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Attempts to blame councils over Grenfell cladding now look misplaced

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LGC’s essential daily briefing.

Much has been said and much has been written about Kensington & Chelsea RBC’s response, or lack of it, in the immediate aftermath of the Grenfell Tower fire.

The perceived failure(s) cost former leader Nick Paget-Brown and former chief executive Nicholas Holgate their jobs.

This reinforced the notion that for those involved in major events there is a need to be seen to be doing something, anything, no matter what it is. On this, the government has excelled itself, including apparently playing a significant part in Mr Holgate’s departure.

After ordering councils to undertake a snap survey of their buildings, communities secretary Sajid Javid blamed local authorities for being slow to submit cladding samples for testing – only to be put back in his place by the Local Government Association.

Still, that did not stop prime minister Theresa May from implying councils had failed to follow building regulations and Mr Javid infamously serving up his “bucket of cold sick” as he lectured local government about how it was “facing a looming crisis of trust”.

While the government has been quick to cast aspersions, it has not been so fast to organise comprehensive testing of cladding systems despite LGA chair Lord Porter (Con) and others calling for that to happen four weeks ago when it became clear the isolated cladding tests were a waste of time, effort, and money.

After finally agreeing to test both cladding panels and insulation together, the first results are coming in. After initially promising to publish them this morning the Department for Communities & Local Government finally got around to sending them out at 4.35pm. They showed that 82 buildings are currently known to have the combination of materials used at Grenfell in place. Of these, DCLG said 47 are local authority or housing association owned or managed.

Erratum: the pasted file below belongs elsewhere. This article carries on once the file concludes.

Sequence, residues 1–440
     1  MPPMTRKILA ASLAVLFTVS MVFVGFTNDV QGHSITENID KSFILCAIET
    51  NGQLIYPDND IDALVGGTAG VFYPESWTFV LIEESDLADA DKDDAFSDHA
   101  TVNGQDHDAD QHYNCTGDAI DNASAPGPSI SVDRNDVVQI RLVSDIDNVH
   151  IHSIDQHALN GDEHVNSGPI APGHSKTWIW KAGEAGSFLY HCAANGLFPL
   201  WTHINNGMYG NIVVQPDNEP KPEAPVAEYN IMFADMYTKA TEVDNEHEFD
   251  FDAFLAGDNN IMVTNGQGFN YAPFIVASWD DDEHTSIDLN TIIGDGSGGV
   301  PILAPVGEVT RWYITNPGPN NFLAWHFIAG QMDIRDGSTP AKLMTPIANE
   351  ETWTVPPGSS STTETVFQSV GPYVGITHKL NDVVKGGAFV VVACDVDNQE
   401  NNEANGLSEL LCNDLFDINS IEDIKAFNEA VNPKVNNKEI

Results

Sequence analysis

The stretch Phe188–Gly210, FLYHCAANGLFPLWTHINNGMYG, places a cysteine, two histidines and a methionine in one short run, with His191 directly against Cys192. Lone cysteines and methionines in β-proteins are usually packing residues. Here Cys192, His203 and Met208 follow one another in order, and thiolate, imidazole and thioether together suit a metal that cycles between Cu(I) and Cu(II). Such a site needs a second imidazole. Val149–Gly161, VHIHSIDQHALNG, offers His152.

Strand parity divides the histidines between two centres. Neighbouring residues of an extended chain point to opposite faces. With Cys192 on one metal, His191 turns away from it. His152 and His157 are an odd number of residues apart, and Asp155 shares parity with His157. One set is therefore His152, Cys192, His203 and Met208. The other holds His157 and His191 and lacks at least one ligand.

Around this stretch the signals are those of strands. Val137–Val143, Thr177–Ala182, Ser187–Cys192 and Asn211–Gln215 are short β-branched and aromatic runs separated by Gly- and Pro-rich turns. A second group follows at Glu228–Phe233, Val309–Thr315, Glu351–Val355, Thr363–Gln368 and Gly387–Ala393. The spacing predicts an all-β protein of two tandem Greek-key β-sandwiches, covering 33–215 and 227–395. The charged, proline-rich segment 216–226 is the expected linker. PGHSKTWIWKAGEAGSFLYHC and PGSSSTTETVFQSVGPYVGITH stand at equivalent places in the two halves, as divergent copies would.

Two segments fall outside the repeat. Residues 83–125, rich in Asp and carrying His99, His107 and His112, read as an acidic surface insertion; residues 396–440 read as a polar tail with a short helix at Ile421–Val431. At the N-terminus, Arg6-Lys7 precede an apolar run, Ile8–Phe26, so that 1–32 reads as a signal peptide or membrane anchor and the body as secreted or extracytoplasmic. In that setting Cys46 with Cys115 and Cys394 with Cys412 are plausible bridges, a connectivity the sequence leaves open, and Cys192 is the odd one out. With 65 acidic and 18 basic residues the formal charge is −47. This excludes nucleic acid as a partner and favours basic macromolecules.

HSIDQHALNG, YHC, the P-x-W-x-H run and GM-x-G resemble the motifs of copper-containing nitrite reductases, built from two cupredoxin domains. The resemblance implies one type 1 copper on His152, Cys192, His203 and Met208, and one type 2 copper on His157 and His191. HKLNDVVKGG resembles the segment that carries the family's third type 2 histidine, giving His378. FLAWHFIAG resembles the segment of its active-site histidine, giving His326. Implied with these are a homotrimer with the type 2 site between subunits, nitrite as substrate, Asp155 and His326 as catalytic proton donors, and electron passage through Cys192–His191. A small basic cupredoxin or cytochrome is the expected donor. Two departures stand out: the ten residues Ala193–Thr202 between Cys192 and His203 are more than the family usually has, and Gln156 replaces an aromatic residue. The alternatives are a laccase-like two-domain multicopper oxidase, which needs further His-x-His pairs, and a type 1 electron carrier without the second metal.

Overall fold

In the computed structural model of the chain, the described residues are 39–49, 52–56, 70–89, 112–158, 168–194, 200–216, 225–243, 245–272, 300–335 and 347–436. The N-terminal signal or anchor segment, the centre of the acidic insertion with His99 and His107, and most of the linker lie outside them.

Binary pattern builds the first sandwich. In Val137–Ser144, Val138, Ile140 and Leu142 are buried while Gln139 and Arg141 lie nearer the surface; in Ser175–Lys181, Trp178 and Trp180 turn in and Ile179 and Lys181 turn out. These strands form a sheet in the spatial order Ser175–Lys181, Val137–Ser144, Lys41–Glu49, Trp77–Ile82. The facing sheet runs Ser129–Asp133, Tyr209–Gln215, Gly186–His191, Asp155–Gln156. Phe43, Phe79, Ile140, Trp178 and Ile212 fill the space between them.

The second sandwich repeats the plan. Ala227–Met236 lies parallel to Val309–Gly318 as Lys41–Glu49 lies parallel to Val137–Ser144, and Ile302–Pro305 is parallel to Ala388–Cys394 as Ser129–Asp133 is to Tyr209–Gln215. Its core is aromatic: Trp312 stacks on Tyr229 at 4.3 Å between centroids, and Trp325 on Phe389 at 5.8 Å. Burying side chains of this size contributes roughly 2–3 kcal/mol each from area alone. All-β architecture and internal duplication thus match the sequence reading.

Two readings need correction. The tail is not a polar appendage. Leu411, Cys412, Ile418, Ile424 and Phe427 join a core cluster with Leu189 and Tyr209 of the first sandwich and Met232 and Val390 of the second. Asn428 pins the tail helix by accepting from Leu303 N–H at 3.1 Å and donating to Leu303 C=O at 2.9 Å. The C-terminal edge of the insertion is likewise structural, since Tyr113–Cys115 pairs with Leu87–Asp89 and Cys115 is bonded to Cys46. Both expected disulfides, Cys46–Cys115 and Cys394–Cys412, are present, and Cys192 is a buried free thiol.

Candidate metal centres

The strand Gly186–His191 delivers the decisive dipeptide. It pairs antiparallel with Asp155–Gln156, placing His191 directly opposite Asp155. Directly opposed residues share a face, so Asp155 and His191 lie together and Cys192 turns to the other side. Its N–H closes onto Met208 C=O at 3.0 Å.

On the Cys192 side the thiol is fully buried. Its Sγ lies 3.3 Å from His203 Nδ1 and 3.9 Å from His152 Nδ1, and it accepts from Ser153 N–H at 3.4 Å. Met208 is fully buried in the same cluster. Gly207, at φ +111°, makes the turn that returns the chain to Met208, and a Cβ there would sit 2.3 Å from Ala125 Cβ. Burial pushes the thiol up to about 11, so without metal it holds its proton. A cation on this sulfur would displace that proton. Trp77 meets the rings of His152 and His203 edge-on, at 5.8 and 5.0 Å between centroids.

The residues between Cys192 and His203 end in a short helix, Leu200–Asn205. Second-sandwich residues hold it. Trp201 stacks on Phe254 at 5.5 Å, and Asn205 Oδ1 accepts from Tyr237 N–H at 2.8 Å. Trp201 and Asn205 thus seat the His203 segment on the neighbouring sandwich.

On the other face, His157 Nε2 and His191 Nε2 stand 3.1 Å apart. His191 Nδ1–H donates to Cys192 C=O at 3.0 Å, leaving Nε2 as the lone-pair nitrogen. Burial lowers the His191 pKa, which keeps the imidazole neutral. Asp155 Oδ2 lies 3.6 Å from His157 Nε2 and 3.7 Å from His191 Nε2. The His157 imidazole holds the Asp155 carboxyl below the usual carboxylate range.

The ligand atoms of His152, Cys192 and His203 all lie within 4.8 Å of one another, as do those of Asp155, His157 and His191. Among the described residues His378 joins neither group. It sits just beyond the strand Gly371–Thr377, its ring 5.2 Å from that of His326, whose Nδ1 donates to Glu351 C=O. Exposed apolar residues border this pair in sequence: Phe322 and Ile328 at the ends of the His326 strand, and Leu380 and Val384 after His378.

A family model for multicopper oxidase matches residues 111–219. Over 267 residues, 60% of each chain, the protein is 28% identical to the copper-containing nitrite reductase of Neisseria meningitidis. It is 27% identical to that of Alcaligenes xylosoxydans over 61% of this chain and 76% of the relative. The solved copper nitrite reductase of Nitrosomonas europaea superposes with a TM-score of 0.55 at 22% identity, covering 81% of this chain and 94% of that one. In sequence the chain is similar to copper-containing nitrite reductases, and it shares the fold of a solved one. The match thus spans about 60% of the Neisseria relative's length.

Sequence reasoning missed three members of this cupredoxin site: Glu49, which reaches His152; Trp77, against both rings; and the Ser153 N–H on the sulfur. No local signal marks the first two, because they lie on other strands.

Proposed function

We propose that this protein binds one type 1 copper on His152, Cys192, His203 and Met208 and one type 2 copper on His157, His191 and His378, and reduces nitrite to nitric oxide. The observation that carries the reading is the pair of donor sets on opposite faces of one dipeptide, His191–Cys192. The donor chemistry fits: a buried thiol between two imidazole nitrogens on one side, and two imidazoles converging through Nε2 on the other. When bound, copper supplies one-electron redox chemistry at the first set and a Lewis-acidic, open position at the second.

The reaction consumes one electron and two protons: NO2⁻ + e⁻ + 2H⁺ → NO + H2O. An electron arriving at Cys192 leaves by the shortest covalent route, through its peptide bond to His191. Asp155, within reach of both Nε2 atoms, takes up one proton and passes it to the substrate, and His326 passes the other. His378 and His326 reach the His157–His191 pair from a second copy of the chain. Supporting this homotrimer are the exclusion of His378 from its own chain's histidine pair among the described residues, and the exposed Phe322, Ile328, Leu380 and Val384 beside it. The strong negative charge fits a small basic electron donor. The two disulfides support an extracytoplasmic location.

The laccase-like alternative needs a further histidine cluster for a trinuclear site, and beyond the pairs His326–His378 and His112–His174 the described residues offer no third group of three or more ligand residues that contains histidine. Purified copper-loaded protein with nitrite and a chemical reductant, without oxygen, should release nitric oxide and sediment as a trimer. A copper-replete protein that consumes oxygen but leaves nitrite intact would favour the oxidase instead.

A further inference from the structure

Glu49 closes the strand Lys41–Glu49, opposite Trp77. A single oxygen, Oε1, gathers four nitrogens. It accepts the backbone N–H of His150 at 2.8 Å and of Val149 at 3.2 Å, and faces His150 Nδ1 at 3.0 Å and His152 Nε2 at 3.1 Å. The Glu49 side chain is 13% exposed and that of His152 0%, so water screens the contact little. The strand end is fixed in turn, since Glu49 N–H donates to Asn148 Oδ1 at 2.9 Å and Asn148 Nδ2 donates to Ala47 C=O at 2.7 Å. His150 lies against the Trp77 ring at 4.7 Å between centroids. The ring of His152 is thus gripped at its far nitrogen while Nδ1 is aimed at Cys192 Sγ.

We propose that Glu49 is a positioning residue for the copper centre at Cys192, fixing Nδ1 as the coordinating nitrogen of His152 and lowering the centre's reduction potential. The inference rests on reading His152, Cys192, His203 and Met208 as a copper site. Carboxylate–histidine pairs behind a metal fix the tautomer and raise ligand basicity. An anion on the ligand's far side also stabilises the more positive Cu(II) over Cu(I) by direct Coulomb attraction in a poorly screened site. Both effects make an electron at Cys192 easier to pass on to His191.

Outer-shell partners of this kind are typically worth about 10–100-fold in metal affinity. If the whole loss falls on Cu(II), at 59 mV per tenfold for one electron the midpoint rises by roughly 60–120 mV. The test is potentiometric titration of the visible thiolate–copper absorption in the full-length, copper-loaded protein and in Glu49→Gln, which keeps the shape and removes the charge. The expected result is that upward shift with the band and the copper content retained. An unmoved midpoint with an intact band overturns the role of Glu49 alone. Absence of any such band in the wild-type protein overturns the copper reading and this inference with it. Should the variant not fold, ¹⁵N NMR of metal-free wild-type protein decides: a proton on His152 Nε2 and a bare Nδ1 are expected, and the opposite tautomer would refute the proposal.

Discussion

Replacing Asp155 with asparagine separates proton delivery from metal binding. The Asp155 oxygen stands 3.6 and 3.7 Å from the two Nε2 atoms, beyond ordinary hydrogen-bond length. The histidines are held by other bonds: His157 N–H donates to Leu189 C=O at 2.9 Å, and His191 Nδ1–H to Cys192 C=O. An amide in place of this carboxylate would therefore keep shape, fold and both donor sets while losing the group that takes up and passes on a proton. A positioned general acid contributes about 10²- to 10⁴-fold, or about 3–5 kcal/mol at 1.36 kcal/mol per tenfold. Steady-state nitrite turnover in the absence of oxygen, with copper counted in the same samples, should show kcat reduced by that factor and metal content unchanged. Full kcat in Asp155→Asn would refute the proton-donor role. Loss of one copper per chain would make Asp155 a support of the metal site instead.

It is thought nine of the buildings are council-owned – and even then they all belong to Salford City Council. Cladding is being removed and Salford’s deputy mayor John Merry (Lab) said the council is now working to find a permanent replacement that “meets the necessary safety standards”.

While many councils have been quick to implement plans to remove Grenfell Tower style cladding from their own blocks and draw up proposals to retrofit sprinklers what, exactly, the necessary safety standards are remains unclear.

On the BBC’s Today programme this morning, Lord Porter has once again called for a review of the government’s building regulations – the one the last government failed to launch despite saying it would do so last October.

“There’s no point taking down cladding that fails a test only to find out we’re putting up other cladding that won’t pass the test,” he said.

This afternoon the government announced that there will be an independent review of building regulations and fire safety.

But it’s 45 days since at least 80 people lost their lives in the Grenfell Tower disaster, while it is eight years since six people died in a major fire at Lakanal House in Camberwell, south London.

The government failed to act then, and it has failed to act quickly this time around. It is time it stopped trying to point the finger of blame elsewhere and instead concentrate on clarifying what combinations of cladding and insulation really are safe.  The regulations as they stand are not fit for purpose – a claim that could also be laid at this and the last government’s door for its failure to act swiftly on this important issue.

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